Pokertox: Less a Procedure, More a Punchline

Using Botox and dermal fillers to enhance a poker player’s ability to conceal their emotions? It sounds like the premise of an SNL sketch, but a doctor of aesthetic medicine in New York has been marketing the procedure, which he has dubbed “Pokertox.” But based on feedback from professional poker players interviewed by the Huffington Post, this might be one gamble that the doctor will come to regret.

In poker, the ability to hide facial emotions is extremely valuable, as other players are always on the lookout for clues about what type of hand you hold. These unconscious signals – known as “tells” – can change the course of a game. Dr. Jack Berdy is betting that many poker players might benefit from procedures that can minimize the appearance of such signals.

“Some people might get a card they like or don’t like and raise their eyebrows,” he told The Huffington Post. “If that’s the common reaction, we can put Botox in certain areas to minimize them… We can also put Botox in areas to make it look like the player has a ‘tell’ they really don’t have.”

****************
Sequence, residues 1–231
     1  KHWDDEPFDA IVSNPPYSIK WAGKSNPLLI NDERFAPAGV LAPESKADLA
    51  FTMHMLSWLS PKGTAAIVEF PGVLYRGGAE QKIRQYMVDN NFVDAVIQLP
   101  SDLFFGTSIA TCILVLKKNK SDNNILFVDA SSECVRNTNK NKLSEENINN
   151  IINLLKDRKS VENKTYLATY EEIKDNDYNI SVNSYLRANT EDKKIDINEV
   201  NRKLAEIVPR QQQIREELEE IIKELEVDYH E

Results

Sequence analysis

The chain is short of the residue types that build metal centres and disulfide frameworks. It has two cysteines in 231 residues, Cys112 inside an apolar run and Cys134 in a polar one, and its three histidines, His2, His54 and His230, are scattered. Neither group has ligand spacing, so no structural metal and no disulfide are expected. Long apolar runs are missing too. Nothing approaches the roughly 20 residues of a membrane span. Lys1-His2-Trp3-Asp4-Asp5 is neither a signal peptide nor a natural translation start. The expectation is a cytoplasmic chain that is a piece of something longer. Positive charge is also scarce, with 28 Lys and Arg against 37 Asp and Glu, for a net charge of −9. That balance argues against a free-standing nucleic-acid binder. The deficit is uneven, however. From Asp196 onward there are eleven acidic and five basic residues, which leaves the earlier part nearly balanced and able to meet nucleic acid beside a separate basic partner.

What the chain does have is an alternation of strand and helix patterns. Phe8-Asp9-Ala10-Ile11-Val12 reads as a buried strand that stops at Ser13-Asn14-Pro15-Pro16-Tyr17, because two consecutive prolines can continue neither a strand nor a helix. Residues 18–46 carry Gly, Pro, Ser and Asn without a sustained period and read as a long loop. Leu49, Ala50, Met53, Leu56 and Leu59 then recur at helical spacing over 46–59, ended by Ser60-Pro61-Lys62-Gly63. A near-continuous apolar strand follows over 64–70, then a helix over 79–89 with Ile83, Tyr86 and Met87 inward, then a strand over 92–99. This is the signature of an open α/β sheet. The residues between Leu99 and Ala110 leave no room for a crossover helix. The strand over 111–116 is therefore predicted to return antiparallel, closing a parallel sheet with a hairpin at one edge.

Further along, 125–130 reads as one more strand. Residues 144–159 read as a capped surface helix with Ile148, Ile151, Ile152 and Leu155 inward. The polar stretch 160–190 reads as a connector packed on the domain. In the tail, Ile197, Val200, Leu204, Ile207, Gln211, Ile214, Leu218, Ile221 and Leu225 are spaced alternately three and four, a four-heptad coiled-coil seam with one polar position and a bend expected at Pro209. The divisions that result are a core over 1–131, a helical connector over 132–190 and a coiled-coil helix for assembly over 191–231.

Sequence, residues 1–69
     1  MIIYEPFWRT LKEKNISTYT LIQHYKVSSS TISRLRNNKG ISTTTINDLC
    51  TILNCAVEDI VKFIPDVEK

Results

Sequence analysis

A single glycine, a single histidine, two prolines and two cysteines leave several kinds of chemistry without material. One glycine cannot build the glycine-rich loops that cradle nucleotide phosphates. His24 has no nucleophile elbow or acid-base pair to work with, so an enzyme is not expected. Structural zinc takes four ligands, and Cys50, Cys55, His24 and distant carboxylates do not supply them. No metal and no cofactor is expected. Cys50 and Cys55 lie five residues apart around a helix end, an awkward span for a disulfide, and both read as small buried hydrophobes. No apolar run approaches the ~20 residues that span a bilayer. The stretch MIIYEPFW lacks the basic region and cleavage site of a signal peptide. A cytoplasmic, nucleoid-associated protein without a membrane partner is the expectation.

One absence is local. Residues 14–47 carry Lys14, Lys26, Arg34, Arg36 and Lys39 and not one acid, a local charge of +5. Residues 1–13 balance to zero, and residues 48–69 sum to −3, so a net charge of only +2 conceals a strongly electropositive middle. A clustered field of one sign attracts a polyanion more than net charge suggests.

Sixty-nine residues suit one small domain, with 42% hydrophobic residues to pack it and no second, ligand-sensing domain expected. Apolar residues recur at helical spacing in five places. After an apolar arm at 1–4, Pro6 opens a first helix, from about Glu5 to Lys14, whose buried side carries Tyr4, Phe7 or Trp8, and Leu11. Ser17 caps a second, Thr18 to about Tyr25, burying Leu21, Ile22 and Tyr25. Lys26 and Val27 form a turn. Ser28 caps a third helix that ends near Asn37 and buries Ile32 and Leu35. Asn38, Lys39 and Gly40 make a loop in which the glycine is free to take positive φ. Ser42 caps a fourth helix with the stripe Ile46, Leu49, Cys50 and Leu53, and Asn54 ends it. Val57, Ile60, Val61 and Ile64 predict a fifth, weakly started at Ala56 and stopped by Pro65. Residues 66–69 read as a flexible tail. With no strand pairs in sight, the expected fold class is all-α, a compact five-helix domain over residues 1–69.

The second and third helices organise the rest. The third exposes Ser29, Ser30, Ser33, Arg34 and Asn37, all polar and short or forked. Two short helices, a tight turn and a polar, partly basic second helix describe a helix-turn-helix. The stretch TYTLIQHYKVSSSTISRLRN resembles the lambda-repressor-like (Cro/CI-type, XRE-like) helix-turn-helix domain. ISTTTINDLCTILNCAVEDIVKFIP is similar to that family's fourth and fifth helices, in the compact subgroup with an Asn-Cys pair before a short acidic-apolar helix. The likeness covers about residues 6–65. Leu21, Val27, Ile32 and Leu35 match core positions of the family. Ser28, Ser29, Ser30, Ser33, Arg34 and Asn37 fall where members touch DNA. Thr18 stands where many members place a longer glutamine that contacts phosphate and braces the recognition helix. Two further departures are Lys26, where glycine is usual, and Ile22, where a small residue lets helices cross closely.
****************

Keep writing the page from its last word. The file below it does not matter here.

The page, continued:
So far, poker players and other surgeons haven’t been particularly impressed. “The game has moved on from bluffs, and is more analytical these days,” World Poker Tour competitor Josh Hale said in an interview. “Players might look at physical tells, but they are relying more on betting patterns and bet sizing.”

“Plastic surgery is expensive,” Jay Melancon, a long-time poker player, said. “You’d have to play in very high-stakes games to make it worth it, and if you have a ‘tell’ that is that obvious, you shouldn’t be playing in those games.”

But the real zinger goes to a cosmetic doctor from California: “My first thought is that it is sad an internist can’t earn enough that they have to resort to doing Botox and fillers with a gimmick.”

Image credit: Pokeravond, Wikimedia Commons